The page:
As the 1940s drew to a close, the editorial staff shifted, and new editors replaced Burnham and Binsse: John Cogley and James O’Gara, friends from the Chicago Catholic Worker circle without the upper-crust background of the Commonweal founders. Joined by William Clancy and William Pfaff, they comprised a group described as “an Irish-Catholic intellectual Mafia, unabashed both in their liberalism and their Catholicism.”

From left to right: 25th Anniversary Issue, Thomas Merton, "The Sin of Segregation," John Cort


Opposition to Senator Joseph McCarthy set The Commonweal apart from almost every Catholic publication and church leader.

As early as 1950 when Senator Joseph McCarthy of Wisconsin began his relentless campaign to identify Communist infiltration in American institutions, The Commonweal pointed out in an editorial that he seemed to be “shooting away at political records and personal reputations like a drunken sailor.” Anti-communism was both a religious and a political issue for American Catholics, however, and the Catholic hierarchy and press of the era was virtually unanimous in its support for McCarthy, and untroubled by the abusiveness of his tactics.

Editorial highlights

Catholics and Hollywood by Walter Kerr (December 19, 1952)

The Liberal Catholic by William Clancy (July 11, 1952)

Draw Your Own Conclusions by John Cogley (October 16, 1953)

Waterfront Priest by Budd Schulberg (April 3, 1953)

By 1953, McCarthy had included The Commonweal among his targets, questioning the possible Communist sympathies of an occasional writer for the magazine in the 1930s. In a letter from McCarthy ignoring Commonweal’s denials, he wrote, “I feel that you have done and are doing a tremendous disservice to the Catholic church and a great service to the Communist Party.” At the height of McCarthy’s influence, Commonweal editors James O’Gara and John Cogley were both publicly denounced in their home parishes as Communist sympathizers.

From left to right: Joseph McCarthy and Roy Cohn, "The 'Liberal Catholic'" by William Clancy, James O'Gara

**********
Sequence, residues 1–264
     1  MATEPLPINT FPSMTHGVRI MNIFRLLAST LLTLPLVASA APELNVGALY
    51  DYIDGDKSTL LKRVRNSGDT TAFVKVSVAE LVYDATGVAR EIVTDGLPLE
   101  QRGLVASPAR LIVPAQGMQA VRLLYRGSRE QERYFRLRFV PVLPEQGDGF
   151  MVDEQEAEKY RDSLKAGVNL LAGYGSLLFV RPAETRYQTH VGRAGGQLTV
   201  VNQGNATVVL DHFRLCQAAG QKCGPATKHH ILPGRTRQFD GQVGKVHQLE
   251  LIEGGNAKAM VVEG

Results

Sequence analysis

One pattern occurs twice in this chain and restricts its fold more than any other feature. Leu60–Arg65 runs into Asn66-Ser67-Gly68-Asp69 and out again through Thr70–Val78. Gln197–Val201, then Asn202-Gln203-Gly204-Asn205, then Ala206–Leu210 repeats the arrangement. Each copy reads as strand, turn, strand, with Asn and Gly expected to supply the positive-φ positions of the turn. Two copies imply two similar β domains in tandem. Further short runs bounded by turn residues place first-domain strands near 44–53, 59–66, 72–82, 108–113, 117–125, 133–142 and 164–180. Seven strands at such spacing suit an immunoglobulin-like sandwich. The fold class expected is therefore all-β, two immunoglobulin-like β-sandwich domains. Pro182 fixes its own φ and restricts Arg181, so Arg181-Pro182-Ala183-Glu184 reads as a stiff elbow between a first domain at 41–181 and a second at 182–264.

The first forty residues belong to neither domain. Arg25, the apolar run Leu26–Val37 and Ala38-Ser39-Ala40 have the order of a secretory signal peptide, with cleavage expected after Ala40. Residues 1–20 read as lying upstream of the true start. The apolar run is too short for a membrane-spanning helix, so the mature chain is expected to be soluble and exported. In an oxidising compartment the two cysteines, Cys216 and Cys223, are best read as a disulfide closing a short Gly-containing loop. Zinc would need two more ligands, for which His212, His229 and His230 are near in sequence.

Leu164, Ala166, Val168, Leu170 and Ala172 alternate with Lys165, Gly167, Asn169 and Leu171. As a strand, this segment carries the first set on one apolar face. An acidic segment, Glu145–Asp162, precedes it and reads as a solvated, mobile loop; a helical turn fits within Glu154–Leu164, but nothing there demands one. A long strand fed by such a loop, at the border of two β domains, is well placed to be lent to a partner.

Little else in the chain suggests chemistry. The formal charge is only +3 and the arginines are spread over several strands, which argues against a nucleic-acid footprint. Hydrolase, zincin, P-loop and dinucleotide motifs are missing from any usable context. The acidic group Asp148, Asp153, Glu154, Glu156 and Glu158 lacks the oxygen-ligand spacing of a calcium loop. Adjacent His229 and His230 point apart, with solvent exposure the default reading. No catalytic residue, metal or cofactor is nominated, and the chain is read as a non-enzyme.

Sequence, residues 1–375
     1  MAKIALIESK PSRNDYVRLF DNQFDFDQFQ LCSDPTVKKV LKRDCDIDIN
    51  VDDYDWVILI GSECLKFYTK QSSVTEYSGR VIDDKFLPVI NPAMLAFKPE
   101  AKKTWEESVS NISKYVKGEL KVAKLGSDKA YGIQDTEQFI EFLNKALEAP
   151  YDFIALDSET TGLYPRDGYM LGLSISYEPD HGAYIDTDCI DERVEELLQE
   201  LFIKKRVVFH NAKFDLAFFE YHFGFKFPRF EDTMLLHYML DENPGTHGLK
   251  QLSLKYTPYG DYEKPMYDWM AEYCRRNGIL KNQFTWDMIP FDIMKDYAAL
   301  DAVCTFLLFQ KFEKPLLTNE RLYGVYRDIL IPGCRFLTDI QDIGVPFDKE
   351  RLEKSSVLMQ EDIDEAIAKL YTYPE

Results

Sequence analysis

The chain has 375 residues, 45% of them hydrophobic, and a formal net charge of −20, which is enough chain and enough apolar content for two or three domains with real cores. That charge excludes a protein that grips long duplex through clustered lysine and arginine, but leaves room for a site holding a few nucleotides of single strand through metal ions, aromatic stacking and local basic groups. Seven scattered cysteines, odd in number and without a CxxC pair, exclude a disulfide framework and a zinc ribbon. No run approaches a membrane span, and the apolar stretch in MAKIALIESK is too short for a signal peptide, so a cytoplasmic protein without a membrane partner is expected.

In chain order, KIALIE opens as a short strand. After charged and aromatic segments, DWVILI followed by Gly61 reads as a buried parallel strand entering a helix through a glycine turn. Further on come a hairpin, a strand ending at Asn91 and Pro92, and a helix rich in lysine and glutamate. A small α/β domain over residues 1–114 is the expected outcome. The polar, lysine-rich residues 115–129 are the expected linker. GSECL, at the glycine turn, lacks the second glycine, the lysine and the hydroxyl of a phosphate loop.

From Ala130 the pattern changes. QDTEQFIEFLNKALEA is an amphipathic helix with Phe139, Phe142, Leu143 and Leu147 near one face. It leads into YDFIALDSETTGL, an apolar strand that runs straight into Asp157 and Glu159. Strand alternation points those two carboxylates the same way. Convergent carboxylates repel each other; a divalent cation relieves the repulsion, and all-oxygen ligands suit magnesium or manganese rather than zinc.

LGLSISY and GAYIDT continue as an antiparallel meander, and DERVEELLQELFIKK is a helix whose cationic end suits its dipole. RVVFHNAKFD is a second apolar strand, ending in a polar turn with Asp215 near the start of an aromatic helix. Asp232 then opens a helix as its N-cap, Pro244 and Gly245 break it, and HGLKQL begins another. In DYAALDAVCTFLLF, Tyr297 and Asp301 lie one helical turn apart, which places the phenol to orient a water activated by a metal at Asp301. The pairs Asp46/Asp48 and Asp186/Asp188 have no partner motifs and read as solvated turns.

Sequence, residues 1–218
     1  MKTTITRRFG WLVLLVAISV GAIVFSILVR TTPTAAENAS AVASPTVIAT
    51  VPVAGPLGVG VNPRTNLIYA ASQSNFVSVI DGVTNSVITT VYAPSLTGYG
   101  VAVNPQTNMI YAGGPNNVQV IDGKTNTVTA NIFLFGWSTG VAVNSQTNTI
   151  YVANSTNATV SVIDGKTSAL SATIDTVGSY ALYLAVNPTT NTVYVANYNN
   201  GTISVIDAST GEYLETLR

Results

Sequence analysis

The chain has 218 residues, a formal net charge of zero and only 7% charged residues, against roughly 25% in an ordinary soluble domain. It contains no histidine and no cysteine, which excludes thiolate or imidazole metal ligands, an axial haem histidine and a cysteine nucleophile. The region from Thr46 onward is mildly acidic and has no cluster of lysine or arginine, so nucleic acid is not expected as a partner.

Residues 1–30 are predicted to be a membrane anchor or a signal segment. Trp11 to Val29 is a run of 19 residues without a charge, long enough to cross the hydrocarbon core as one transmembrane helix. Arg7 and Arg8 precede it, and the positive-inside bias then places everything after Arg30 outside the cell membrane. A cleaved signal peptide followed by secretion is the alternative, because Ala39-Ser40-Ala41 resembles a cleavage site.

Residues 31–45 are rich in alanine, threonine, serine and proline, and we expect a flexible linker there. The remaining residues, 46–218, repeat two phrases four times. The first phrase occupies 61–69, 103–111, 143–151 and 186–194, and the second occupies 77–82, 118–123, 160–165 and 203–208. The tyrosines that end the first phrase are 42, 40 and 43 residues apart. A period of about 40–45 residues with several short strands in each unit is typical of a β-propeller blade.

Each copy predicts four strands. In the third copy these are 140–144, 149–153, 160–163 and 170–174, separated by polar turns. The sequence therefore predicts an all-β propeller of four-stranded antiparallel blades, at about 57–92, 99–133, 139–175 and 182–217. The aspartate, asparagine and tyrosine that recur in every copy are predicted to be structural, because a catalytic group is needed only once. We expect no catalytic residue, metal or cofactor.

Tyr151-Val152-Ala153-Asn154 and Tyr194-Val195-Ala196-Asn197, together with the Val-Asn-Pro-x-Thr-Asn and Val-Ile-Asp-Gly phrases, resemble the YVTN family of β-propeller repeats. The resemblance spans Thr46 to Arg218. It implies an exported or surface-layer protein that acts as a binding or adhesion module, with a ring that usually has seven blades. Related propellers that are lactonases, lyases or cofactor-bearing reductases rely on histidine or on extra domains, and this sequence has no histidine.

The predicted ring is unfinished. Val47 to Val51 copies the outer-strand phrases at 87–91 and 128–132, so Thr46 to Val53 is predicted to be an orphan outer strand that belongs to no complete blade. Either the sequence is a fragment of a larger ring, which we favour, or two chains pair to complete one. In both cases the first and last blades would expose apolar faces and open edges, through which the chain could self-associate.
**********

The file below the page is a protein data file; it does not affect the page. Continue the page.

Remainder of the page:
In the 1960s, the issues of principal concern for The Commonweal were the first Catholic president, the Second Vatican Council, the rise of communism, and the war in Vietnam.

The autumn of 1960 saw the election of John F. Kennedy, the first Catholic president of the United States. While the editors did not officially endorse Kennedy, his election—not merely by Catholics, but, significantly, by a significant share of the Protestant population—was “greatly encouraging” to institutions and publications like The Commonweal “that had been working for years to promote a greater engagement with American society by Catholics.” 

Hans Küng

The Commonweal was also eager to see American Catholics engage more with the institutional Church, and the Second Vatican Council (1962-1965) provided the perfect opportunity for this, as the Church invited input from the laity before the council began. The council’s conclusions invited “real grounds for hope,” calling for “openness, dialogue, and discernment of the Spirit by and from all.” It was the most reported-upon religious event of the century; in the pages of the magazine, notable authors who discussed it included German theologian Hans Küng. Less encouraging was the 1968 papal encyclical, Humanae vitae, which took a hardline position against birth control despite the opinions of much of the laity and, indeed, the study commissioned by the pope himself on the matter. As the decade continued, some of the enthusiasm generated by the council began to wane.

Editorial highlights

Editorial against Vietnam (October 27, 1967)

“What has the Council Done?” by Hans Küng (January 21, 1966)

“Renewal of the Church” anticipating Vatican II, by Philip Scharper (June 8, 1962)

“Kennedy the Catholic” by John Cogley (January 10, 1964)

The Commonweal was also eager to see American Catholics engage more with the institutional Church, and the Second Vatican Council provided the perfect opportunity for this.